IMF Transparency Criticized; Consultations Called Flawed

29 March 2013

The International Monetary Fund “fails to establish a proper system of openness,” according to a submission made by a nongovernmental organization.

The comment quoted above, by the Centre for Law and Democracy, was submitted in response to an IMF call for comment about its disclosure policy.

The consultation process itself has garnered criticisms from transparency activists.

For one thing, the incoming comments will not be viewable online at the IMF site. The IMF later will summarize all comments and “post a summary of the comments received by April 30, 2013,” according to the web page for the review.

The comment quoted above, by the Centre for Law and Democracy, will not be viewable online at the IMF site. The IMF later will summarize all comments and provide its own comments.

Of more concern to critics of the process is that the IMF does not intend to disclose its specific proposals to amend the IMF disclosure policy, according to IMF officials. Officials on a conference call with civil society organizations in early March said they will not make public the staff recommendations to the Board.

In this respect, the consultation process is less transparent than that used for disclosure policy reviews by the World Bank, the Asian Development Bank and international financial institutions. In particular, they released draft policies for public comment.  The World Bank held consultations not only on a drafted access policy, but also invited comment on the post-consultation version sent to the Executive Board for final action.

The IMF in February invited comments on its disclosure policy, the deadline is March 29. The IMF asked for comments on eleven questions.  The Board is expected to have the topic on its agenda in May. (See previous report by

Group Critical of IMF Policy

The Centre for Law and Democracy, an international human rights organization based in Canada which provides expert, publicized its comments to the IMF.

“The focus of the current IMF Transparency Policy is entirely on the proactive or automatic disclosure of information. As such, and as noted above, it fails to establish a proper system of openness which, in addition to the proactive disclosure of information, also involves a system for responding to requests for information. In this regard, it has failed to make the transition that has been made by other IFIs in their information disclosure policies,” according to CLD.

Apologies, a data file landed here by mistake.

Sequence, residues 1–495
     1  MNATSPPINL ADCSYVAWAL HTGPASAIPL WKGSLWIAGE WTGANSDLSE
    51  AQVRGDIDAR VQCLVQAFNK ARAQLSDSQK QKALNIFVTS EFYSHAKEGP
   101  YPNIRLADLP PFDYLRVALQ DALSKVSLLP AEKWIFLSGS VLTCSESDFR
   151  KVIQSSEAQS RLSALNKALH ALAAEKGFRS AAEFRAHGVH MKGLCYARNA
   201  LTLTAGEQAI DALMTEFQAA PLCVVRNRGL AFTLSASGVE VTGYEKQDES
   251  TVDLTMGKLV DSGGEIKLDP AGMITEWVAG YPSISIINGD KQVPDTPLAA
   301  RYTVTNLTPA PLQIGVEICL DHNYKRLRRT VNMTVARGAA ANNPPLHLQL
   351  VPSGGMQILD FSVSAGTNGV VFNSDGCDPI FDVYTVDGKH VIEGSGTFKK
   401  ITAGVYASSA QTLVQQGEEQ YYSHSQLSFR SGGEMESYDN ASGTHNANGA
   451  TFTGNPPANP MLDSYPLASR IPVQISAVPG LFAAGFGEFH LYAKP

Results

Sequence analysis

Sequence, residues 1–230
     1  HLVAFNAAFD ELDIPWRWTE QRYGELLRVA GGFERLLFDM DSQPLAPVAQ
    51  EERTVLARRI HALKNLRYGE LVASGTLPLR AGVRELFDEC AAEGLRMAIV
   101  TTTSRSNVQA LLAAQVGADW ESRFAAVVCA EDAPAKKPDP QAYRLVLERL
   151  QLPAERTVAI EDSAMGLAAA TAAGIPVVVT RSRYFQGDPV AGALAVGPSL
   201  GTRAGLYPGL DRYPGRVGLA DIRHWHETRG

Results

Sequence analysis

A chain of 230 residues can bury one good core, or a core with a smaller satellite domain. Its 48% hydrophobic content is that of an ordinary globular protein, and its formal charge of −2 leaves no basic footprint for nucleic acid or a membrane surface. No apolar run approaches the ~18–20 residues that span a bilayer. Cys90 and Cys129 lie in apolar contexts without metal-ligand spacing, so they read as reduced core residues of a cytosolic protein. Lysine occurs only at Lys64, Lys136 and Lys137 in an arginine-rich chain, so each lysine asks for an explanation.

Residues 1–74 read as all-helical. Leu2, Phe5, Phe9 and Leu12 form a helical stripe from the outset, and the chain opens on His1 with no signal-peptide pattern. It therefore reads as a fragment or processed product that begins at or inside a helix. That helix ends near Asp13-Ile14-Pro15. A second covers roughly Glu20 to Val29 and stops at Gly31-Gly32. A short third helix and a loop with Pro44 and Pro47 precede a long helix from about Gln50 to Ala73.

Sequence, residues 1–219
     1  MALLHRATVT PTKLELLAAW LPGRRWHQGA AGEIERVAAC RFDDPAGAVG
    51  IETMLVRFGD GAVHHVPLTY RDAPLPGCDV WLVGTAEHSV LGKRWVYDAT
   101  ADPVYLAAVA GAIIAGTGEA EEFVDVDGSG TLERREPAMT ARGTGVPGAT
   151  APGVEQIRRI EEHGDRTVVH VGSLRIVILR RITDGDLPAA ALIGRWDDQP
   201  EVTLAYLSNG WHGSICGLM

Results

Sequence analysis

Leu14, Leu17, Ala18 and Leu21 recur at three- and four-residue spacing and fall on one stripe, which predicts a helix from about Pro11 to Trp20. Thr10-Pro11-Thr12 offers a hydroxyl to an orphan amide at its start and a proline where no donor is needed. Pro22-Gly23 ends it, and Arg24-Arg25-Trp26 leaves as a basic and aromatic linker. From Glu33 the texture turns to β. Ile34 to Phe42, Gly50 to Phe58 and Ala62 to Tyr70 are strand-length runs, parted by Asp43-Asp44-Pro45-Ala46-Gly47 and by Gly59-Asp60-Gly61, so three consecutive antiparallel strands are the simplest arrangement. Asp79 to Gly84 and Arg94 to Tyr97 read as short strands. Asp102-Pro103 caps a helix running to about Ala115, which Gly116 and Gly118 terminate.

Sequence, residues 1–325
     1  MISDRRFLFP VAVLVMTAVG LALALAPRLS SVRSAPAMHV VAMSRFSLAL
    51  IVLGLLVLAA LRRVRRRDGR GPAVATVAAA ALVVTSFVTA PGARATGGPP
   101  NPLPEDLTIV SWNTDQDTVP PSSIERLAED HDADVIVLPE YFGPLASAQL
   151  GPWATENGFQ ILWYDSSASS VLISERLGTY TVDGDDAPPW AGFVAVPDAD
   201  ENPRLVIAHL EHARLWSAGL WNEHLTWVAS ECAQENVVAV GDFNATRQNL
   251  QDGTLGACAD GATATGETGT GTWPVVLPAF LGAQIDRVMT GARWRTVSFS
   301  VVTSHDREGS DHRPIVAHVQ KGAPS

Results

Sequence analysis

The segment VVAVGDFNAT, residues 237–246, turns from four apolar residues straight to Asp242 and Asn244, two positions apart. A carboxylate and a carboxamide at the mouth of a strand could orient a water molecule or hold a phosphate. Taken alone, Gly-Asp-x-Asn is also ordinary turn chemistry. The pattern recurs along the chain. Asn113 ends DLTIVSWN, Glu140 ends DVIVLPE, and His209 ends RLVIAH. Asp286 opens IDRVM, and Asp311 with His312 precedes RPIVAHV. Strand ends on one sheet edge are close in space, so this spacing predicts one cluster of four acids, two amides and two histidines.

The IMF should adopt “a true presumption of openness,” a “clear set of procedures governing the making of and responding to requests” and an appeals process, CLD’s submission says.

The IMF lacks a time frame for automatic disclosures, according to CLD, and despite the “voluntary but presumed” disclosure policy, member governments can object to disclosures. “Giving members a blanket veto over the disclosure of documents that relate to their dealings with the IMF directly breaches the fundamental principle on which the right to information is founded, as well as the broader principles of openness which the IMF’s Transparency Policy is meant to reflect,” CLD comments.

Unless changes are made, “the IMF is set to languish far behind other IFIs in terms of transparency policy,” and “go against the very values which the IMF has itself proclaimed are served by transparency,” the CLD submission concludes.

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Filed under: IFTI Watch


In this column, Washington, D.C.-based journalist Toby J. McIntosh reports on the latest developments in information disclosure in International Financial and Trade Institutions (IFTI).
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